CULTURE

A presidential honor for a lifetime’s service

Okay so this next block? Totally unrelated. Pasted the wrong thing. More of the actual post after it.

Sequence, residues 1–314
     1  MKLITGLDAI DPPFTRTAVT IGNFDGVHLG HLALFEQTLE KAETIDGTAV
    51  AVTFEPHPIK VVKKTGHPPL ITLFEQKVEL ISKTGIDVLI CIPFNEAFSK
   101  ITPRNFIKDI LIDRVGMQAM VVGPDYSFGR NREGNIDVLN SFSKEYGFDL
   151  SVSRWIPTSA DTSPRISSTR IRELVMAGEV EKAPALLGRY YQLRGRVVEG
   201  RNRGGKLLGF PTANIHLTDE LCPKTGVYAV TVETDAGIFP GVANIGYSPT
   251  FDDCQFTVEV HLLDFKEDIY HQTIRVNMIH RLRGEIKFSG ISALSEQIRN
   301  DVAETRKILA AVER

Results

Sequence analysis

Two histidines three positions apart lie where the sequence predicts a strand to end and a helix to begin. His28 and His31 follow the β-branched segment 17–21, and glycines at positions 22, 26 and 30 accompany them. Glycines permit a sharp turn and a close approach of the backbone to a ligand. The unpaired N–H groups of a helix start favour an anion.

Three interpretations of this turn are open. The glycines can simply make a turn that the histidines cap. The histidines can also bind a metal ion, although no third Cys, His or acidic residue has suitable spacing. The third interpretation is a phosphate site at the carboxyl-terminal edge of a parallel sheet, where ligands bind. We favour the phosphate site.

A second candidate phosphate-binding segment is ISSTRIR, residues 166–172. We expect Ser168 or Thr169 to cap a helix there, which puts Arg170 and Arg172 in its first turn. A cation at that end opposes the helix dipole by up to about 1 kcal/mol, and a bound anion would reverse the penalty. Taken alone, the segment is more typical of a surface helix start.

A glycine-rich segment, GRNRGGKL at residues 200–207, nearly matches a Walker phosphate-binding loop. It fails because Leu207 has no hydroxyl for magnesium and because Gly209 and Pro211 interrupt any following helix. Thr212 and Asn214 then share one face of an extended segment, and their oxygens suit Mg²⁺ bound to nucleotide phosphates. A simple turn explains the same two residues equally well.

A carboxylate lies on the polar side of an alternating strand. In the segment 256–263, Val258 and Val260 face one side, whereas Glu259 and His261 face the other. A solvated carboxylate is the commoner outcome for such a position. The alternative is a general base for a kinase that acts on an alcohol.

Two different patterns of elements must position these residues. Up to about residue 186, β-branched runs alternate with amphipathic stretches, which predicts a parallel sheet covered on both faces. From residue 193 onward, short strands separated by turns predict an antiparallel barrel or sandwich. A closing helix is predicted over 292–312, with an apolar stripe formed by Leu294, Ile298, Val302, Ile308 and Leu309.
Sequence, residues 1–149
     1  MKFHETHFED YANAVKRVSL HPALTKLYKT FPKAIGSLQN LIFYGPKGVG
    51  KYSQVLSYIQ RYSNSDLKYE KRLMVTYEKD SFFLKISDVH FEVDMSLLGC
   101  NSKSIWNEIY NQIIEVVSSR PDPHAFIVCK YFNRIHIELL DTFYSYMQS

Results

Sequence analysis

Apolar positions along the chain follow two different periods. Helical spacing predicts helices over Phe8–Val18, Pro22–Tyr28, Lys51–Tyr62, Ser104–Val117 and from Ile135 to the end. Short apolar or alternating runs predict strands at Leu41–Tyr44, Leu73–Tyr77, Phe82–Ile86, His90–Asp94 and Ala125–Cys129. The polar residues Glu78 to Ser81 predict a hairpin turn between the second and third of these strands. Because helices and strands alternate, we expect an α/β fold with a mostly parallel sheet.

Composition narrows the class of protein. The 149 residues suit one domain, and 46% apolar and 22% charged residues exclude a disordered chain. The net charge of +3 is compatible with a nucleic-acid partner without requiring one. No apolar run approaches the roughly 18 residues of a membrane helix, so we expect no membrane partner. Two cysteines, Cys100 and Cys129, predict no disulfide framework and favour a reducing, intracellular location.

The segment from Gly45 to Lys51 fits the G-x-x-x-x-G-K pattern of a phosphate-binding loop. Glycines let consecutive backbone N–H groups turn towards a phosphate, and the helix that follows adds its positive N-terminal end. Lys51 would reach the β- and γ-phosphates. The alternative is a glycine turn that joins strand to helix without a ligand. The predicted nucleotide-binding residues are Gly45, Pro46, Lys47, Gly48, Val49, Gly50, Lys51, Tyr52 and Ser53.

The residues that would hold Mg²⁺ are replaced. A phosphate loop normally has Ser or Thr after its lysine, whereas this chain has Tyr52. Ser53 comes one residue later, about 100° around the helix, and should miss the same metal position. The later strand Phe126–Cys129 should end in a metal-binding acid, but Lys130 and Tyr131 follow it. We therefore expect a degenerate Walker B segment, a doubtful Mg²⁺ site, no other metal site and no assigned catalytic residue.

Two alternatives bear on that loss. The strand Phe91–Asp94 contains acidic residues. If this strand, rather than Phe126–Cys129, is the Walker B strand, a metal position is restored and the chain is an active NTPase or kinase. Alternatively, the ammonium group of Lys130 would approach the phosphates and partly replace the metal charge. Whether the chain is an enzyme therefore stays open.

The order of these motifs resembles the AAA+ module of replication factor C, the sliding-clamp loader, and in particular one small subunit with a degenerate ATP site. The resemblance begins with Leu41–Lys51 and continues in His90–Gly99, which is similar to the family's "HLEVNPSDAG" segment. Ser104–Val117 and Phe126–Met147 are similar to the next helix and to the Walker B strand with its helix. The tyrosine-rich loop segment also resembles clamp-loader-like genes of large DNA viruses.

It is always encouraging to see state recognition of selfless contribution, especially when the latter is aimed at promoting Greek culture and Greek studies and supporting Greek students with scholarships. This is the case with Matrona (Matti) Egon, nee Ksyla, of Chios. Her long years of devoted service, especially to the Greek community of London and the Orthodox Church, contributed to highlighting Greek values in Britain. In this column we have often mentioned the annual Runciman Lecture, instituted by her husband, renowned painter Nicholas Egon. With the help of Matti Egon, the lecture has – each February for the past 18 years – given outstanding academics the opportunity to speak about issues related to Greece at the center for classical studies at London’s Kings College. Since the 1960s, Matti has been doing volunteer work for the increasing number of schools run by the Orthodox Church bishopric and has worked with the young, the ill, and others in need. She also worked for the Hellenic Center, the Anglo-Hellenic League, the London Hellenic Society and the National Trust for Greece. Matti studied classics at University College, London. On Chios, she continued the work of the Homerion Cultural Center at Kardamyla which was established by her shipowner father Michail Ksylas and her mother Stamatia. She is a sponsor of the Mantzaros Philharmonic Orchestra of Corfu, the Athens Concert Hall and the British School in Athens, and is an active member of the Hellenic Society for the Protection of the Environment and Cultural Heritage. For this and much more, the Greek state honored Matti Egon with the presidential decoration Officer of the Order of Beneficence. It was awarded on June 25 at the Greek Embassy in London by Ambassador Vassilis Pispinis. At her side were her husband Nicholas Egon, her children, grandchildren, academics and British nobility. The ambassador held a reception in her honor at the embassy residence at 51 Upper Brooke Street. The only member of the press invited was yours truly. It was a joyous sight, the Greek family surrounding the mother and grandmother whose good deeds had been honored with a medal from the president of Greece. Present also were ambassador-counselor Constantinos M. Economides, general consul Maria Theofili and cultural attache Vana Solomonidou with her husband Keith Hunter, OBE. On the British side were former ambassador Sir Michael Llewellyn-Smith and Lady Colette, Sir Clive Bossom and Lady Barbara, Viscount Norwich and Viscount Bridgeman with their wives, and professors John Barron, Judith Herrin, Paul Cartledge and Dame Averil Cameron, the critic Edward Lucie-Smith and Ms Theresa Roberts. «I did nothing more than what my parents taught me: to be useful and to give of what I have to those who are in need,» Matti Egon said, surrounded by eight grandchildren, aged between 7 and 25. It was a sunny day inside and outside the Greek Embassy, where Nobel prize-winning poet Giorgos Seferis served as ambassador.